Go to Admin » Appearance » Widgets » and move Gabfire Widget: Social into that MastheadOverlay zone
By Sara Yasin / 21 March 2013
Pakistani schoolgirl Malala Yousafzai, Greek journalist Kostas Vaxevanis, Syrian internet activist Bassel Khartabil and South African photographer Zanele Muholi were honoured at the Index on Censorship Freedom of Expression Awards in London this evening.
The ceremony was hosted by Index’s Chair Jonathan Dimbleby who dedicated the evening to, ‘a celebration of freedom of expression – that fundamental human right to write, blog, tweet, speak out, protest and create art and literature and music’.
Index CEO Kirsty Hughes said: ‘This year’s winners have shown incredible bravery and courage in the face of extreme adversity – they are an inspiration to all of us who value free speech.’
In the keynote speech, actor Simon Callow declared that ‘the price of liberty is eternal vigilance – Index on Censorship pays that price’. Fellow actor Juliet Stevenson also addressed the ceremony saying: ‘the right to free speech depends on speaking about that right and arguing for it – that’s what Index does’.
These were the last awards as Index Chair for Jonathan Dimbleby. He introduced incoming Chair, journalist David Aaronovitch, who said about his new role: “The world is changing rapidly and we are, perhaps more than ever, confused about free expression and in danger of surrendering it. That’s why I am honoured to become Chair of Index on Censorship, which challenges threats to free speech, day in day out.”
Doughty Street Advocacy award: Malala Yousafzai
In October 2012, a Taliban gunman shot education campaigner Malala Yousafzai in the head and chest for her activism, as she was returning home from school in Pakistan’s Swat district. After months of treatment, she returned to school in Birmingham earlier this week. The schoolgirl’s father, Ziauddin Yousafzai, accepted the award on his daughter’s behalf saying: ‘I want to give a message to the world. I didn’t do anything special. As a father, I did one thing, I gave her the right of freedom of expression. All fathers and mothers, give your daughters and sons freedom of expression. Freedom of expression is a most important right. The solution of any conflict is to say the right thing, to speak the truth.’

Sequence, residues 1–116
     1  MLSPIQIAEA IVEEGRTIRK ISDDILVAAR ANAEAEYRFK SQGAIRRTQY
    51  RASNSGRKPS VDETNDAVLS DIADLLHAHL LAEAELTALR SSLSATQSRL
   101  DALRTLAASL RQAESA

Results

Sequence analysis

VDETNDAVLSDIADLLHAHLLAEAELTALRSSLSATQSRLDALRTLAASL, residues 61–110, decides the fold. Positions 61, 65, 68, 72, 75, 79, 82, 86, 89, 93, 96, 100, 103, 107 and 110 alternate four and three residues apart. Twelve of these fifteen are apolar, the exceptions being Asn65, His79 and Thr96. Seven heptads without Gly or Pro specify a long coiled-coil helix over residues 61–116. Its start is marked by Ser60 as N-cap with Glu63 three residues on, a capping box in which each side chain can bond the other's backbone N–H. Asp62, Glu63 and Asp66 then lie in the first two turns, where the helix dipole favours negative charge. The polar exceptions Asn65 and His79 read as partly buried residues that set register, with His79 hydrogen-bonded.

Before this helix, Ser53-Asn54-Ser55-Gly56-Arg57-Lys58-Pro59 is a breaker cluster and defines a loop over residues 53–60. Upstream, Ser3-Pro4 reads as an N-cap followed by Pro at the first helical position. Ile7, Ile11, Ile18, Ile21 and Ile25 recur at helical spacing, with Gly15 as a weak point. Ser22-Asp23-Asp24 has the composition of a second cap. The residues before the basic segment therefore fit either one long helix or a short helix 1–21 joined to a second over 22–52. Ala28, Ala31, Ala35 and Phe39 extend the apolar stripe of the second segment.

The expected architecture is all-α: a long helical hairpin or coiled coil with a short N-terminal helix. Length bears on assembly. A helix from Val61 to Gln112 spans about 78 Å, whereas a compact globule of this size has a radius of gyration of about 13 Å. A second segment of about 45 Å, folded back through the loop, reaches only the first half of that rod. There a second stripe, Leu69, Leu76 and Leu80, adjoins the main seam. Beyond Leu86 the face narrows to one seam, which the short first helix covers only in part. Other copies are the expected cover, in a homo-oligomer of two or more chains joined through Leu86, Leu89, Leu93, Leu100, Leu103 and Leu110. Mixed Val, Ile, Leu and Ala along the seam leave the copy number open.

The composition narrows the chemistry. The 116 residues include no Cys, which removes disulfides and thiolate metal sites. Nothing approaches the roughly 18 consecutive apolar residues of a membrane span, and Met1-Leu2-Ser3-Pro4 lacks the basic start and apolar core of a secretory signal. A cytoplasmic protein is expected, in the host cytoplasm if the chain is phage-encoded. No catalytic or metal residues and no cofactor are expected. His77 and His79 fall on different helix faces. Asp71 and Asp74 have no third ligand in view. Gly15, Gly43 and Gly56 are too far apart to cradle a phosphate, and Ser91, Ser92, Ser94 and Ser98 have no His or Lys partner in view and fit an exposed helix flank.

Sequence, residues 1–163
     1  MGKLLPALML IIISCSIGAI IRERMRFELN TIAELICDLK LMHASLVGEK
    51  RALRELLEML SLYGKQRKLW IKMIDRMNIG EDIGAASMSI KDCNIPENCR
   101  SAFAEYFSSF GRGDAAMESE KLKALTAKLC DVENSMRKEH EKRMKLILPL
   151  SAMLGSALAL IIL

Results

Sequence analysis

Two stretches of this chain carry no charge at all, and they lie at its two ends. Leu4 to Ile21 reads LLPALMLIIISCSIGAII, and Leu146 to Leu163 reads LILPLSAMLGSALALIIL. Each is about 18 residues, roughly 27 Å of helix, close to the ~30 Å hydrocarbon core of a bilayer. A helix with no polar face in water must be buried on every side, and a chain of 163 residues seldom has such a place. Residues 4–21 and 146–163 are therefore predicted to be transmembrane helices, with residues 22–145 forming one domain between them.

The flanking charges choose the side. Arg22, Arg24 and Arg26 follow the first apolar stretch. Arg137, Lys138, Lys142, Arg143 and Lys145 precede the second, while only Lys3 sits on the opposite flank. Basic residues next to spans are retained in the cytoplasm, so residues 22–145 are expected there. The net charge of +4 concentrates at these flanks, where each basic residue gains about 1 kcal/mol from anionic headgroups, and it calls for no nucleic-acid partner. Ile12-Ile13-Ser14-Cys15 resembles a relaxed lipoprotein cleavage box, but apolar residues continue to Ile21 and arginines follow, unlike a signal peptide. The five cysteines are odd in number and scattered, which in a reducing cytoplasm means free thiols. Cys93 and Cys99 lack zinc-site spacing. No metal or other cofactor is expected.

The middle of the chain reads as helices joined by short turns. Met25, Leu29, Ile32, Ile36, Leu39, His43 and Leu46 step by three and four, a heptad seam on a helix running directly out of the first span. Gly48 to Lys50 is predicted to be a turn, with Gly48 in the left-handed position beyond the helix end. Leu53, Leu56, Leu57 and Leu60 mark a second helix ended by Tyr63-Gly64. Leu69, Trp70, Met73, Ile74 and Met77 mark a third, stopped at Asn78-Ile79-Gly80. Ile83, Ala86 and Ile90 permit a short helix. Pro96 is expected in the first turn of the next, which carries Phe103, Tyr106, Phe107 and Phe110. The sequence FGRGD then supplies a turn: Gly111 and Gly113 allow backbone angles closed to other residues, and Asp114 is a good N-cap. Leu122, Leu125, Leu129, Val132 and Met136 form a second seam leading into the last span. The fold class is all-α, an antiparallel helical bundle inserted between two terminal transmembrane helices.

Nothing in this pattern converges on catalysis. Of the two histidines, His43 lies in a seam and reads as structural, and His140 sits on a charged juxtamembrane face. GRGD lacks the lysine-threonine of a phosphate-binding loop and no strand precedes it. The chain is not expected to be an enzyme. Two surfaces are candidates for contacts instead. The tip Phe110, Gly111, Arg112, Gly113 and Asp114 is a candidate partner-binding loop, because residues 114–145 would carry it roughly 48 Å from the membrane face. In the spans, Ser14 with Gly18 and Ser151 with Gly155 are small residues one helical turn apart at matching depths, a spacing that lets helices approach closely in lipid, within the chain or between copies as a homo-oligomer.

Journalism award sponsored by the Guardian: Kostas Vaxevanis
Greek investigative journalist Kostas Vaxevanis was arrested in October 2012, days after he published the “Lagarde List” of wealthy Greeks with Swiss bank accounts in his weekly magazine Hot Doc. He was found not guilty of breaking data privacy laws in November 2012, but the Athens public prosecutor subsequently ordered a retrial. Accepting the award, Kostas said: ‘Journalism has been either invested with magic powers, or has been blamed for everything. Both positions are wrong. Journalism is the way, lonely most of the times, of truth.’
Read Kostas Vaxevanis’s acceptance speech at Comment is Free
Digital freedom award sponsored by Google: Bassel Khartabil
Palestinian-born Syrian software engineer Bassel Khartabil is a champion of web freedom and a computer engineer, who specialises in the development of open source software. Khartabil has been held in prison in Syria for over a year. Accepting the award on his behalf, his friend Dana Trometer said: ‘Bassel is aware of this award and he would like to thank the judges and audience for trusting him with such an honour. He would also like to pay respect to all the victims of the struggle for freedom of speech, and, especially for those non-violent youths who refused to carry arms and deserve all the credit for this award.’
Read Google’s William Echikson on Bassel Khartabil
Index Arts award: Zanele Muholi
South African photographer and LGBT activist Zanele Muholi challenges traditional perceptions of the black female body — and specifically black lesbians — through her work. She has faced considerable opposition in South Africa where lesbians have been the targets of horrendous hate crimes including murders and “corrective rape”. Dedicating the award to two friends who were victims of hate crimes and later succumbed to HIV complications, Muholi said: ‘To all the activists, gender activists, visual activists, queer artists; writers, poets, performers, art activists, organic intellectuals who use all art forms of expressions in South Africa. The war is not over till we reach an end to ‘curative rapes’ and brutal killing of black lesbians, gays and transpersons in South Africa.’
Read more about Zanele Muholi in the Guardian